There is evidence to sustain all the findings. The most controversial of these concerns Dr. Finnegan's lookout. If there is no evidence to sustain that finding then the case must be sent back for new trial because the finding affects the proportions of negligence. The appellant submits that no one can say what Dr. Finnegan saw or did not see, and contends that since he is dead he is presumed to have exercised due care and the mere fact that he collided with the milk truck is not evidence that he was negligent in lookout. However, the weaving of the Finnegan car in and out of its own traffic lane is characteristic of drivers whose attention is diverted from the road and who are not looking where they are going, as every automobile user knows.
"`Of course, jurors are not restricted to a consideration of the facts directly proven, but may give effect to such inference as reasonably may be drawn from them. Nor are they expected to lay aside matters of common knowledge or their own observation and experience of the affairs of life, but, on the contrary, to apply them to the evidence or facts in hand, to the end that their action may be intelligent and their conclusions correct.'" De Keuster v. Green Bay & W. R. Co. (1953), 264 Wis. 476, 479, 59 N.W.2d 452.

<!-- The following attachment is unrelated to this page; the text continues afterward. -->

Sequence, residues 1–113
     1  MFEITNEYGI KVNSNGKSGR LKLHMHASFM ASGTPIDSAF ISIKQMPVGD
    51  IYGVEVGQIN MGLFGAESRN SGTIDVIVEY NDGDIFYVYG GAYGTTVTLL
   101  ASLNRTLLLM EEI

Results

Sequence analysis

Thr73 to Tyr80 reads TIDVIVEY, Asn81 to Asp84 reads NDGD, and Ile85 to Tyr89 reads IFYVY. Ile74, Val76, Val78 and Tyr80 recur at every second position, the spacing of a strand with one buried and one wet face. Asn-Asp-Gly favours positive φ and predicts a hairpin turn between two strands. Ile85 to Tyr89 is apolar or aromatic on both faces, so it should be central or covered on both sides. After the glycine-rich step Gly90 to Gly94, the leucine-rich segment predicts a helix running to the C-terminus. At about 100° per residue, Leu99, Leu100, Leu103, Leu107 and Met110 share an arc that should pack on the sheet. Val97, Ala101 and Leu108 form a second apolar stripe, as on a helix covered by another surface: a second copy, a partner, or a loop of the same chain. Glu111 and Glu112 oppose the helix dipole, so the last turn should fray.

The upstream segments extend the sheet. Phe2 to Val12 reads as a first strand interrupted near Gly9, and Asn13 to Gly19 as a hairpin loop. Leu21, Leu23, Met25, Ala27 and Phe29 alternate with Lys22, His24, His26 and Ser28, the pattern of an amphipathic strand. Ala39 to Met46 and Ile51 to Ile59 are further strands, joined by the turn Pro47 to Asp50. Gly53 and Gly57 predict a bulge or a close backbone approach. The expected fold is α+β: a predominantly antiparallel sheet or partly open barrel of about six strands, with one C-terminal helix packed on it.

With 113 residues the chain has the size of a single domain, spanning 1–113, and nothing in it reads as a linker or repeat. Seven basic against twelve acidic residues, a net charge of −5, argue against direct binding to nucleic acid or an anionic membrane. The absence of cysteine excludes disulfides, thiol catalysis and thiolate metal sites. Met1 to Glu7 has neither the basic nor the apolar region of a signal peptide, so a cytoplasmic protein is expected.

"In view of the favorable opportunity which Lemke [the driver] had to observe, in ample time to avoid a collision, the existing circumstances which rendered his manner of approach highly dangerous, and of his apparent failure to avail himself of that obvious opportunity, it was within the province of the jury to find that he failed to exercise due care for his own safety by keeping a proper lookout and was therefore causally negligent in this respect." Haase v. Employers Mut. Liability Ins. Co. (1947), 250 Wis. 422, 429, 27 N.W.2d 468.
All presumption of due care in lookout went out of the case when the evidence sufficient to support a contrary finding came in. In Reichert v. Rex Accessories Co. (1938), 228 Wis. 425, 438, 279 N. W. 645, we adopted Prof. Wigmore's rule expressed as follows:
"It must be kept in mind that the peculiar effect of a presumption `of law ... is merely to invoke a rule of law compelling the jury to reach the conclusion in the absence of evidence to the contrary from the opponent. If the opponent does offer evidence to the contrary (sufficient to satisfy the judge's requirement of some evidence), the presumption disappears as a rule of law, and the case is in the jury's hands free from any rule.'"
Appellant also submits that because the milk truck was in the center of the highway Dr. Finnegan was confronted with an emergency and his method of meeting it does not constitute negligence. We cannot find evidence in the record that presents him with an emergency to be dealt with. If anything, the shoe is on the other foot. Nor can we discover perversity in the verdict.
By the Court. — Judgment affirmed.